There are only 30,000 or so Evenki (鄂温克族) on the Chinese side of the Sino-Russian border. But this Tungusic-speaking, reindeer-herding people — particularly the group known as the Aoluguya Evenki — has been the subject of several award-winning documentaries and even a novel that won the Mao Dun Literature Prize in 2008. According to an article on the China Writer’s Association web site (最后一位萨满之女), a new novel featuring the Evenki will launch end April.
During 2007-14, Gu Tao (顾桃) shot five films documenting the twilight of the Evenki way of life, including Yuguo and his Mother (雨果的假期) and The Last Moose of Aoluguya (犴达罕). (For an excellent backgrounder on his works in French, click here) Chi Zijian’s novel, The Last Quarter of the Moon (额尔古纳河右岸), is based loosely on the same tribe’s often reluctant interactions with outsiders, first with the Japanese invaders under “Manchukuo,” and then the rapacious Han loggers and Marxist cadres of post-1949 “New China,” and has been translated into English (my version), Dutch, Italian, Spanish and Japanese, and will soon be available in French.
But take note: Neither Gu Tao and Chi Zijian are Evenki, though the former’s mother is Manchu (according to BBC’s web site). As far I know, their works have largely been well received in China, but they are not without potential controversy. I have watched several of Gu Tao’s documentaries on a set of CDs (not sure if these are final versions shown at film festivals abroad), and at times they are disturbing, the raw footage of some hard-drinking Evenki in particular. Chi Zijian’s novel is a bold experiment in its own right, as she, a monolingual Han writer, puts herself inside the head of the female Evenki narrator and recounts the entire tale in the first person.
In both cases, I can’t help wondering how these works of art would be viewed by indigenous peoples in Australia, Canada or the US, where “reclaiming the narrative” back from one’s colonizers is nowadays considered absolutely imperative. [Read more…]
Just started 冬牧场 (lit, winter pasture) by Li Juan. In 2010, she was commissioned to live with a Kazakh family as they herded their camels, sheep and horses deep into the desert of southern Altay where they traditionally graze during the bitterly cold winter. Her job: To document the little known, semi-nomadic lifestyle of Xinjiang’s Kazakh that features seasonal migrations.
Li Juan (李娟) is a young female Han writer born in Xinjiang. She spent most of her childhood in Sichuan before returning, and by her own admission, speaks only a smattering of Kazakh. See here for an introduction to her writing — all of which revolves around Xinjiang — including links to translations of some of her shorter pieces. To date, within China her best known titles are probably two collections of essays entitled 我的阿勒泰 (lit, my Altay) and 阿勒泰的角落 (lit, corners of Altay).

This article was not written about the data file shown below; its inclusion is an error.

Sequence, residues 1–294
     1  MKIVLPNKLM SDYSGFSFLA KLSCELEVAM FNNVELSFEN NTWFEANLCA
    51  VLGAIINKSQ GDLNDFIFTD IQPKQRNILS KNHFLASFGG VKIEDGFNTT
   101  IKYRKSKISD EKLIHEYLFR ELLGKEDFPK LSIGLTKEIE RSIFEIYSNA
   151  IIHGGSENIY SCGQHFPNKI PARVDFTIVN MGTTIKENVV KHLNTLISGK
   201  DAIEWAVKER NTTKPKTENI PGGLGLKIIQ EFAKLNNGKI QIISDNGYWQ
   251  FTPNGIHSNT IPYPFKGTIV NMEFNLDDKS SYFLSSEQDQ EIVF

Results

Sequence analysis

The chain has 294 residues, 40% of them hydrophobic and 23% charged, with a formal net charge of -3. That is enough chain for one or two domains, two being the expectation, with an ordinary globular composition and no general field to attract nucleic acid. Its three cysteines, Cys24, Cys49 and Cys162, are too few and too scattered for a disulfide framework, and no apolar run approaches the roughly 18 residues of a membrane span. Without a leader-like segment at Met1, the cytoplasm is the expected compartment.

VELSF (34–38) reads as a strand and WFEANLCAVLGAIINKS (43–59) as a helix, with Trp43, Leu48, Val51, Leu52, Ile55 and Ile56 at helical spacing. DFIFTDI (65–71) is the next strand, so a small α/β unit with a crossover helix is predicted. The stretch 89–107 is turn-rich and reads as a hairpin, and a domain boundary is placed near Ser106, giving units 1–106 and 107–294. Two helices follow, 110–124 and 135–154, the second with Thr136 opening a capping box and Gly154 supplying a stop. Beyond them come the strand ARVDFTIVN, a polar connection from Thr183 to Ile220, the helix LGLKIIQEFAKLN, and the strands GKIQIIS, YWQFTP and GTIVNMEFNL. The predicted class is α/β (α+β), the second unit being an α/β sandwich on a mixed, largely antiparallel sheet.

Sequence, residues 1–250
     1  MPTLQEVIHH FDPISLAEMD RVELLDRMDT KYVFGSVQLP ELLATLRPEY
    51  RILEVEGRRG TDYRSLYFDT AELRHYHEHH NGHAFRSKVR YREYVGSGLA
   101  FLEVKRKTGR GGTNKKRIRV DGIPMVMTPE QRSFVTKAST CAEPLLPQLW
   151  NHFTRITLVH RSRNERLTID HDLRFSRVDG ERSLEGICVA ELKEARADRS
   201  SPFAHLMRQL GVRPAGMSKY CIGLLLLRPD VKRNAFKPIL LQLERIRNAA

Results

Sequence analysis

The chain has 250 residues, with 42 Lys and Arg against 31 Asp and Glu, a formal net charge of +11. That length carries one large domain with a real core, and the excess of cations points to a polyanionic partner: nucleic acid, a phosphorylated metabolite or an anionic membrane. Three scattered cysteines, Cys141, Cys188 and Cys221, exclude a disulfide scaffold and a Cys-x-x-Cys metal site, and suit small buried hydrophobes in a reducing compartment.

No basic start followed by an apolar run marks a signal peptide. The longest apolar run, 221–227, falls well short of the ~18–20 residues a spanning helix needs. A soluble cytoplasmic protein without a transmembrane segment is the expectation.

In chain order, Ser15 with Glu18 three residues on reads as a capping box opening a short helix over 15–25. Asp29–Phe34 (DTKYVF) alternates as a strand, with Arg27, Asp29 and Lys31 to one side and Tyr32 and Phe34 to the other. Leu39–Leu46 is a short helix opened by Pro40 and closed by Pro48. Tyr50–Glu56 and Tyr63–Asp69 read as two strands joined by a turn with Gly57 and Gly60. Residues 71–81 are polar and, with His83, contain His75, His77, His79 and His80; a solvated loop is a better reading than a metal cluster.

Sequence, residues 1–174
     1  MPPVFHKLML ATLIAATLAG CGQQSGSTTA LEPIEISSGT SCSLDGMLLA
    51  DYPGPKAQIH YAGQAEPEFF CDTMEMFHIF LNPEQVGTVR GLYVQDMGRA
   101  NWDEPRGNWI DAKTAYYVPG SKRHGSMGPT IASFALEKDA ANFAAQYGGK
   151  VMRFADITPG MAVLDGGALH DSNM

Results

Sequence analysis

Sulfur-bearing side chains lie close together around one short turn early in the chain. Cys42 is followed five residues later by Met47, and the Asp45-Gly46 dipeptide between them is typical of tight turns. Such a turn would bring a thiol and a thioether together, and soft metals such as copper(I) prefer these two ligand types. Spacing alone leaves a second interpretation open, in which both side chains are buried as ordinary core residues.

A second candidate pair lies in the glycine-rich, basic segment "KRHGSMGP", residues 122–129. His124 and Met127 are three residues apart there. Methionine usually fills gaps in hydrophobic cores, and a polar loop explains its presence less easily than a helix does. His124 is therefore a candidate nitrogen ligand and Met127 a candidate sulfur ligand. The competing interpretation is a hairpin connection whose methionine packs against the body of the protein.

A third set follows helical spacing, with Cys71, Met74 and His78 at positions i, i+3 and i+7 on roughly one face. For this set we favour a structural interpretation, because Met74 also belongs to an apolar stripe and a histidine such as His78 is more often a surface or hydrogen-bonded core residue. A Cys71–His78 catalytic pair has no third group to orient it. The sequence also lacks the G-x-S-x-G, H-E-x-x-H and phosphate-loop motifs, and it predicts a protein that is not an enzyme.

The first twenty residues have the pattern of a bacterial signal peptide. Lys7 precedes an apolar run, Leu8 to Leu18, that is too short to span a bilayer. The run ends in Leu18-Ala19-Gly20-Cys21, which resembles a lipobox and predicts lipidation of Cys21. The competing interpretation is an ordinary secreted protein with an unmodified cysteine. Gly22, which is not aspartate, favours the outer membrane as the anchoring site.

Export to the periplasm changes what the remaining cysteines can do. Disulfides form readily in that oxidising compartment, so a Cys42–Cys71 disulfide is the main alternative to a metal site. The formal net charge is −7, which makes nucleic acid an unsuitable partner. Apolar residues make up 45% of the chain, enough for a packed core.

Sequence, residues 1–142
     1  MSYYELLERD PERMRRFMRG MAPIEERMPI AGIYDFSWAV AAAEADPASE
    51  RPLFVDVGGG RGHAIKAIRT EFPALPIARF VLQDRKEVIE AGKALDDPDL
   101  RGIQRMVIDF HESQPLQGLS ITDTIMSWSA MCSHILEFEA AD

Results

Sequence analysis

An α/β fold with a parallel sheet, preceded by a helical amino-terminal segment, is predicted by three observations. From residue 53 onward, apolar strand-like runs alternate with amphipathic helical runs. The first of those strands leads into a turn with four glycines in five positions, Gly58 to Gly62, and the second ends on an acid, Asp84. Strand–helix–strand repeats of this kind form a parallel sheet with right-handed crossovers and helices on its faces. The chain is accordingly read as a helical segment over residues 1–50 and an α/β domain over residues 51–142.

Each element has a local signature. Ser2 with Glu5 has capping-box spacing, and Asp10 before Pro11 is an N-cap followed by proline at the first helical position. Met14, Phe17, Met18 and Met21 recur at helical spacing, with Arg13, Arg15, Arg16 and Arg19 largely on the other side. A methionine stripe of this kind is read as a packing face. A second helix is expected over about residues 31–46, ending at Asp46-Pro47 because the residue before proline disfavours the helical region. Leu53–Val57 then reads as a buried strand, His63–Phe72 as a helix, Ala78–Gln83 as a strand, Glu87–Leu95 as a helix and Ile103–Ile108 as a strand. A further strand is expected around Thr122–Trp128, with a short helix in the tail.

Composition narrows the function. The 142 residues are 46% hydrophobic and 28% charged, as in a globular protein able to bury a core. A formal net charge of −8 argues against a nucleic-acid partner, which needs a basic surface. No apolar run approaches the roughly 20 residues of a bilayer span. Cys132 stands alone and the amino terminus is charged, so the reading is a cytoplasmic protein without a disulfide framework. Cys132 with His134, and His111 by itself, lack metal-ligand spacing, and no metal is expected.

Promotional copy on douban reads as follows:
2010年冬天，李娟跟随一家哈萨克牧民深入阿勒泰南部的冬季牧场、沙漠，度过了一段鲜为人知的荒野生活。作为第一位描写哈萨克民族冬牧生活的汉族作家，她以饱含深情、灵气飞扬又不失节制的文字，呈现出阿尔泰最后一批 “荒野主人” 冬季转场时的独特生存景观，令人叹为观止。
我国学者数十年来致力于少数民族民间故事、诗歌谣谚、宗教口诵经典等的收集翻译整理，出版了大量翻译作品，取得了举世瞩目的成就，但其中也存在着一些遗憾和失误，这就是忽略了对少数民族民间作品母语文本的记录，有相当多的翻译整理本没有母语原本，没有逐字逐句的直译。这样的直接后果是，丧失了作品多方面的 科学价值，而且由于没有母语的承载，这些文本也难以作为相关民族后代传承文化的文本来使用。此外，由于缺乏语音记录和直译，相关民族特有的文化、社会和宗 教概念难以在汉文文本中全面正确地反映。鉴于此，今后在搜集整理少数民族民间文学作品时，应保留用国际音标记录或用本民族文字书写的严谨客观的母语文本。
A while back I stumbled upon a short Chinese news item about a newly discovered handwritten manuscript of the Kyrgyz Epic of Manas (玛纳斯史诗). This centuries-old trilogy in verse recounts the exploits of the legendary hero Manas, and his son and grandson in their struggle to resist external enemies and unite the Kyrgyz people. Along with heroic tales such as Dede Korkut and the Epic of Köroğlu, Manas is considered one of the great Turkic epic poems. To get a feeling for how it sounds, listen here to a brief recitation by Manas scholar Elmira Köçümkulkızı.
According to the report (手抄本被发现), a retired cadre named 吾米尔·毛力多 in Xinjiang’s Wuqia County recently donated a 570,000-line, Kyrgyz-language Manas libretto to the local branch of the China Federation of Literary and Art Circles.